The Ozark Cave Diving Alliance was officially formed in early 1998 as the result of many things. It seemed as though exploratory efforts in the Ozark region began to taper off during the early to mid 1990’s. This appeared to be the result of one or more obstacles at the time including; 

 Water temperature – With water temperatures averaging in the low 50’sF, longer bottom times and the resultant decompression times became increasingly difficult to manage safely.

 Depth – The depths in many of the sites being explored was significant. With commonly explored depths in the 150ffw range to start, then dropping to the low 200ffw, and even 300ffw ranges, progress was slow. 

 Equipment – Various equipment ideas and configurations were prevalent and it was not uncommon to encounter teams with a plethora of different equipment trials, types, configurations, gas mixtures, etc. Although not considered at the time, lack of team continuity with respect to standards and equipment provided a not yet recognized adversary.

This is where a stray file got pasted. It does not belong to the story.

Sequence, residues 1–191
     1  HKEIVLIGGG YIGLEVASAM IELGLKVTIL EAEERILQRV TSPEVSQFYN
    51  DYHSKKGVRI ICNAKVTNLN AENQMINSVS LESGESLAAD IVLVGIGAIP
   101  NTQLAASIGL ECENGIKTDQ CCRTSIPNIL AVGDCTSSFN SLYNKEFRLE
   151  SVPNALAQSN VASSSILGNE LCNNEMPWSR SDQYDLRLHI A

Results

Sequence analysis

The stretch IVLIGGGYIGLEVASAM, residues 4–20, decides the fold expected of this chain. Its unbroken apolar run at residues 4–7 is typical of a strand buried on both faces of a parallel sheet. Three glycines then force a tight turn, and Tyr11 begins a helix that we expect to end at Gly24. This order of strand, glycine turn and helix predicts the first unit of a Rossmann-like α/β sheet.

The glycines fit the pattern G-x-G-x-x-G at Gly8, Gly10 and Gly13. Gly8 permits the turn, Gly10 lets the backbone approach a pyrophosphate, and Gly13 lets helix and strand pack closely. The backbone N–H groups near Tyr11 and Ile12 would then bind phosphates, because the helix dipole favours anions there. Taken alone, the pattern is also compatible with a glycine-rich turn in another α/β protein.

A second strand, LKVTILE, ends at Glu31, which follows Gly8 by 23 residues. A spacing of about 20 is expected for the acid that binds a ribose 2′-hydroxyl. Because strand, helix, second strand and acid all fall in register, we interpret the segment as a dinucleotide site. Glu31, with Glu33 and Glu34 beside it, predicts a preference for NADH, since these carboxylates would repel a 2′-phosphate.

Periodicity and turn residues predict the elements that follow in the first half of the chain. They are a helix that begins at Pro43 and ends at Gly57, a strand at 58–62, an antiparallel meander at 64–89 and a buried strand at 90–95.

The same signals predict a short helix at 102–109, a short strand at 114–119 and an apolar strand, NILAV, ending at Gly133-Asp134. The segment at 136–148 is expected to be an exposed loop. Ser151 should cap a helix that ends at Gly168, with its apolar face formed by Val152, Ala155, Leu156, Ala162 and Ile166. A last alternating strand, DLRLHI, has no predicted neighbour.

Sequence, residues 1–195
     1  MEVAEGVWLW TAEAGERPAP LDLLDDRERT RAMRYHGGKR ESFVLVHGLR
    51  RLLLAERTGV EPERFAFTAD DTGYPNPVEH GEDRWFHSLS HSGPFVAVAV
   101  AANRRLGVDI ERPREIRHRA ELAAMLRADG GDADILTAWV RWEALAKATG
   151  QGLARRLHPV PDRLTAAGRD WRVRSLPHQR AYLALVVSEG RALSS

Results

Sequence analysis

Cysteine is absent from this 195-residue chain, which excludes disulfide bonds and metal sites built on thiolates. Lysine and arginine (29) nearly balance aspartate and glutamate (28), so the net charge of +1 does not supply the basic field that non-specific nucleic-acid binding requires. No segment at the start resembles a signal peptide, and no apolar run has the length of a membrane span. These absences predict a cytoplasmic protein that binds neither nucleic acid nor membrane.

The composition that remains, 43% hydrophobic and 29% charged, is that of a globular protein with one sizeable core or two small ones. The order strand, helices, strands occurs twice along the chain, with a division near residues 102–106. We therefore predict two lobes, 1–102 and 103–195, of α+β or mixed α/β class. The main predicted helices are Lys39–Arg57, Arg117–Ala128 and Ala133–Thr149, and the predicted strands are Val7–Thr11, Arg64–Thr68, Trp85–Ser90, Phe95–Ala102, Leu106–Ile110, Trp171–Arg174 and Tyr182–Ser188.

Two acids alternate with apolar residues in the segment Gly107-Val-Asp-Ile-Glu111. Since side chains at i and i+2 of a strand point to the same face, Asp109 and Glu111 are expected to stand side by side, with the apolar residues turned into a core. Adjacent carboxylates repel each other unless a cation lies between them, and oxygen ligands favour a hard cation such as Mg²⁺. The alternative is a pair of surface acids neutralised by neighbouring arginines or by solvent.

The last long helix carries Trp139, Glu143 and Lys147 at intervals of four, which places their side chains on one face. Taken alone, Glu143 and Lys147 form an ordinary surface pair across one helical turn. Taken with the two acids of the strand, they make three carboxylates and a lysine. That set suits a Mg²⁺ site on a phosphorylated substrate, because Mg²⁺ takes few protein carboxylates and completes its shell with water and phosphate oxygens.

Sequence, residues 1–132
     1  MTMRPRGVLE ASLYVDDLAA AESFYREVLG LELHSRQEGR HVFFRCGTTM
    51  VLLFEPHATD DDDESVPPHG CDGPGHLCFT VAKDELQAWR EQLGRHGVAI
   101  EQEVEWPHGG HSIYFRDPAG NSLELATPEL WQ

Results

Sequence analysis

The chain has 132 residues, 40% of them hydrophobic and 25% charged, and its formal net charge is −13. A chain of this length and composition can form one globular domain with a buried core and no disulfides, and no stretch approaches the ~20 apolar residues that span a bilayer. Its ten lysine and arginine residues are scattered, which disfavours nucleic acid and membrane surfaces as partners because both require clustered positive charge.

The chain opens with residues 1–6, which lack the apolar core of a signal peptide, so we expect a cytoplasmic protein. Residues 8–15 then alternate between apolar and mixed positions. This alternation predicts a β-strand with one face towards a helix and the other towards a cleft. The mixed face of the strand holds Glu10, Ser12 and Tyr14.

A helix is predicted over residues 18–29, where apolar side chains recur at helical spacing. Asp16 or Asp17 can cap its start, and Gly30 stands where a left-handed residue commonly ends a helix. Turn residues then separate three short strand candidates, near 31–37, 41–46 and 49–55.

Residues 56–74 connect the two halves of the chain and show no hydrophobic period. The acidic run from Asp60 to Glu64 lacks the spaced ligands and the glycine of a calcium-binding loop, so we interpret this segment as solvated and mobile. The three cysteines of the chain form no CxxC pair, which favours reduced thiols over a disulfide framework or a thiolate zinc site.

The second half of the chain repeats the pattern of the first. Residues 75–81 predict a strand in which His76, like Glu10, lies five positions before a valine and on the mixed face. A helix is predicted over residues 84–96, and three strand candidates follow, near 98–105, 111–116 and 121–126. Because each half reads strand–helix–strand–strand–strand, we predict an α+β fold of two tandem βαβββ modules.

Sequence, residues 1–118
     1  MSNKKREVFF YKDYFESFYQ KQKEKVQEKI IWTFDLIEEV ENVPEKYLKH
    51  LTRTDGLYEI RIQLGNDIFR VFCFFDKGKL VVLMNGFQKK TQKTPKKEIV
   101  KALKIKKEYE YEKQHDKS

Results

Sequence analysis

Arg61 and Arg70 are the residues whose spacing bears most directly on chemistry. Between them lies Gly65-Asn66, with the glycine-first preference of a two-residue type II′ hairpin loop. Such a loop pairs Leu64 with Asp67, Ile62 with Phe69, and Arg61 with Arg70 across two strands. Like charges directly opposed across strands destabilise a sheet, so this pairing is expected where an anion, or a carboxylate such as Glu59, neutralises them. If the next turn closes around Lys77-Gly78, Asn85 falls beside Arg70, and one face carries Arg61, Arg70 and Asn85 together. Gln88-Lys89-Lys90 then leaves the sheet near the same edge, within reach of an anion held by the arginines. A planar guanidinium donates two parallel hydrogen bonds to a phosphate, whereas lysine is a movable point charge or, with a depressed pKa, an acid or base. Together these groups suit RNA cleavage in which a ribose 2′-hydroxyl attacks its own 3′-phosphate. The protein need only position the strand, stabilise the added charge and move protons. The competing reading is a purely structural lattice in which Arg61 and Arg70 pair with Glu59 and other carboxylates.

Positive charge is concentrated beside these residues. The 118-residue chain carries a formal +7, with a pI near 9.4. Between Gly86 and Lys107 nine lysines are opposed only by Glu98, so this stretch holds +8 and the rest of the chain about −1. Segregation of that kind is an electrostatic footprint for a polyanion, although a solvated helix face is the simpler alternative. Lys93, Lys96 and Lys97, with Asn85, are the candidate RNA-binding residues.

Breathing Gas – In the more remote portions of the state, getting quality breathing gas was very difficult, if not impossible. The more reputable gas stations were hours away and fills consisted of mainly Air. Air was still the gas of choice at the time, too. 

 Decompression – Nearly all exploration dives, up to this point, had been conducted utilizing Air and popular Air decompression tables and/or computers. Because of this, decompression times were excruciatingly lengthy.